In the last few years, biometric technologies from fingerprint to facial recognition are increasingly being leveraged by consumers for a wide range of use cases, ranging from payments to checking luggage at an airport or boarding a plane. While these technologies often simplify the user authentication experience, they also introduce new privacy challenges around the collection and storage of biometric data.

In the US, state regulators have reacted to these growing concerns around biometric data by enacting or proposing legislation. Illinois was the first state to enact such a law in 2008, the Biometric Information Privacy Act (BIPA). BIPA regulates how private organizations can collect, use, and store biometric data. BIPA also enabled individuals to sue individual organizations for damages based on misuse of biometric data.

Though it is a decade old, BIPA has gained renewed recent prominence owing to a January 2019 Illinois Supreme Court ruling, Rosenbach v. Six Flags. In this case, parents of a minor sued the Six Flags Great America amusement park in Gurnell, Illinois, arguing that biometric data was collected without consent and violated BIPA. As a side note, amusement parks increasingly require individuals to scan their ticket, followed by a biometric scan at a turnstile. This process is primarily an anti-fraud measure — if you manage to lose your ticket/pass, you provide your biometric data at a customer service counter to obtain a new one. This process reduces fraudsters from trying to get a free pass by claiming it is lost.

The Illinois Supreme Court reversed the lower court rulings and ruled that Six Flags had violated BIPA. Importantly, the Illinois Supreme Court ruled that plaintiffs did not have to demonstrate damages or harm (such as identity theft) from the collection of biometric data. The improper collection of biometric data was enough to enable individual consumers to sue organizations under BIPA.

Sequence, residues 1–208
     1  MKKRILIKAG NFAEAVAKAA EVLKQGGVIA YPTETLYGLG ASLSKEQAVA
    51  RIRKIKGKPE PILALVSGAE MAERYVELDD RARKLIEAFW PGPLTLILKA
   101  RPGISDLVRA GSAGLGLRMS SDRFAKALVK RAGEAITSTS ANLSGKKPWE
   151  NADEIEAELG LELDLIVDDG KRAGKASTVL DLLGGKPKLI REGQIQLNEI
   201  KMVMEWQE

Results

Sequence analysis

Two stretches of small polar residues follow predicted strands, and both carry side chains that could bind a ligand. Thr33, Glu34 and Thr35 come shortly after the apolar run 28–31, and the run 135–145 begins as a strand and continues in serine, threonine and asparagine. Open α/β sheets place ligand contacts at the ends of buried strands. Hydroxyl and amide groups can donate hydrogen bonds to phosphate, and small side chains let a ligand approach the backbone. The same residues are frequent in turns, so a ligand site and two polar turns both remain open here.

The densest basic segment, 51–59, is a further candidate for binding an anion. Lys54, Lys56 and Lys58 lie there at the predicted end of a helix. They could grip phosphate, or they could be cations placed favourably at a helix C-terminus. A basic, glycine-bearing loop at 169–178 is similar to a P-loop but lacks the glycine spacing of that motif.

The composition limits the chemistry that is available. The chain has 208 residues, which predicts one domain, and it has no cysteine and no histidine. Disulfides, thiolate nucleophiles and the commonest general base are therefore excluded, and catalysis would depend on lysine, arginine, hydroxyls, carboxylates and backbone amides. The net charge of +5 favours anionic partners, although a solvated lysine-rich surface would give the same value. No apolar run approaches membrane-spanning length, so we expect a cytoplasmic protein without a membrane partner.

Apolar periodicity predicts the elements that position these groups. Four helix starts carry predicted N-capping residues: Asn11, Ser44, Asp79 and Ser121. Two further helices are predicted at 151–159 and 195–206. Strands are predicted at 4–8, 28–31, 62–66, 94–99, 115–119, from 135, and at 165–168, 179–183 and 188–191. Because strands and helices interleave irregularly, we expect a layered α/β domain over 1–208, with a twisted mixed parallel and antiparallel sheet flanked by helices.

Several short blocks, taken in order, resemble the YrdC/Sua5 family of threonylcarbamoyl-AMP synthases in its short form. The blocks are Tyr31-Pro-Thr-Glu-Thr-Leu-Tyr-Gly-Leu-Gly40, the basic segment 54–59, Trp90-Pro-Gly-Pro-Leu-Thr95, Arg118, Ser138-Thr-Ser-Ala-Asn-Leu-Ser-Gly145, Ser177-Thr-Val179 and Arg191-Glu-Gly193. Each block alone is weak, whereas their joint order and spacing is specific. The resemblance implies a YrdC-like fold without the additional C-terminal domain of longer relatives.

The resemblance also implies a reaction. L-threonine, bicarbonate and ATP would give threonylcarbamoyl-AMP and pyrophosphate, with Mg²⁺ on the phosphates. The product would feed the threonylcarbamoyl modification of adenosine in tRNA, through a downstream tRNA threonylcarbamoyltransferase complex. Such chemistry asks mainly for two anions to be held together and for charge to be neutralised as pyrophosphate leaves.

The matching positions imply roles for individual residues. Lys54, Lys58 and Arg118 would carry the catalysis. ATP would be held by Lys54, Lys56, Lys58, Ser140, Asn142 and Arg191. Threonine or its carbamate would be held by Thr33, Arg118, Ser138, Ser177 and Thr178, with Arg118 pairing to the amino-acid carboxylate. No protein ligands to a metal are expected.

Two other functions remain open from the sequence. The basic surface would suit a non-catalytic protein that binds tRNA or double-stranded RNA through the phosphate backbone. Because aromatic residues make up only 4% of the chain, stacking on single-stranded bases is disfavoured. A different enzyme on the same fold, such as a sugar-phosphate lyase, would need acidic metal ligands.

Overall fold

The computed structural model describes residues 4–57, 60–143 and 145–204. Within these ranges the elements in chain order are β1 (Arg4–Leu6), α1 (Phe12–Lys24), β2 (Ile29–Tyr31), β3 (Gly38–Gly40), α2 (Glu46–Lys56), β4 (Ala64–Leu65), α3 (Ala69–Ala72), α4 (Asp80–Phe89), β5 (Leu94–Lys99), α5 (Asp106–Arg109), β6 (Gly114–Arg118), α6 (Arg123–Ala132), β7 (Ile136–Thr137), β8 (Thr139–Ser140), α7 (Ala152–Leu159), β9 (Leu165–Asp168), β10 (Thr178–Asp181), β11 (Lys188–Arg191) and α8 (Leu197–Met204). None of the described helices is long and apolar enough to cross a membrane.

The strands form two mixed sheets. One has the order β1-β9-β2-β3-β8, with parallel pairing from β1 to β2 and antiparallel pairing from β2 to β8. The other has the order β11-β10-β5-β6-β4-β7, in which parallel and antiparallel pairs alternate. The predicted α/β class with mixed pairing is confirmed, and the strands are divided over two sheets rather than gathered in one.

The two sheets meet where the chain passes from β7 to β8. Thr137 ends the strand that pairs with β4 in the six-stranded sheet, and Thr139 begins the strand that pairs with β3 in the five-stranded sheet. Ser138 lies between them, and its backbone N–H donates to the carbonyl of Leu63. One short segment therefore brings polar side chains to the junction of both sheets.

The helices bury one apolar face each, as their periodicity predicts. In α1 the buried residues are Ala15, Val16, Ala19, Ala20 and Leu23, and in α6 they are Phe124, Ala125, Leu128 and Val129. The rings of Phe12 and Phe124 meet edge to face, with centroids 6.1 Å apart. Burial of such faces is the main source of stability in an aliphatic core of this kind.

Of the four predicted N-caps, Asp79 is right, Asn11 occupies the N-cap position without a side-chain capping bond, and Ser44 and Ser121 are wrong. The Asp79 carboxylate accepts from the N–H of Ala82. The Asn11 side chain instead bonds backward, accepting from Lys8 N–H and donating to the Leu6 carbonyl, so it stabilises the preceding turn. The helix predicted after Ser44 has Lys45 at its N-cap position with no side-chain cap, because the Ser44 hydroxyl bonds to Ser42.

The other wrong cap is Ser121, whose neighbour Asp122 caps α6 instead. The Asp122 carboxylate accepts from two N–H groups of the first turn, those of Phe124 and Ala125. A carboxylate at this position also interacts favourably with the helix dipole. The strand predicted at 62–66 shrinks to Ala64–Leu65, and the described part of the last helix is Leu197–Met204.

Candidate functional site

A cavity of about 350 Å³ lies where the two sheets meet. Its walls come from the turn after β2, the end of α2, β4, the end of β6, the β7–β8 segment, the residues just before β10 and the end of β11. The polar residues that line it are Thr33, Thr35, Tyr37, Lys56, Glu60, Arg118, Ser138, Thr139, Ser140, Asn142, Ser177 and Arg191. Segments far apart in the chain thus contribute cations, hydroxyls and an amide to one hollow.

This decision is a win for consumer and privacy rights and will lead to more legal challenges to BIPA, many of which are already working through the court system. One case to monitor is Patel v. Facebook, which is currently under review in the Ninth Circuit Court of Appeals in San Francisco and involves challenges against Facebook’s tagging of facial images uploaded to Facebook.

Massachusetts, New York, and Michigan all have privacy bills in development that have similar requirements to BIPA, and more states are likely to consider drafting laws governing the collection, usage, and storage of biometric data.

These developments do not mean the death knell of biometrics. They merely indicate that organizations that are considering collecting biometric data must adhere to privacy-by-design approaches and provide proper disclosure, consent, and opt-out requirements, as well as pay attention to this increasingly complex legislative environment to ensure that biometric data collection and retention is being done in accordance with these emerging laws.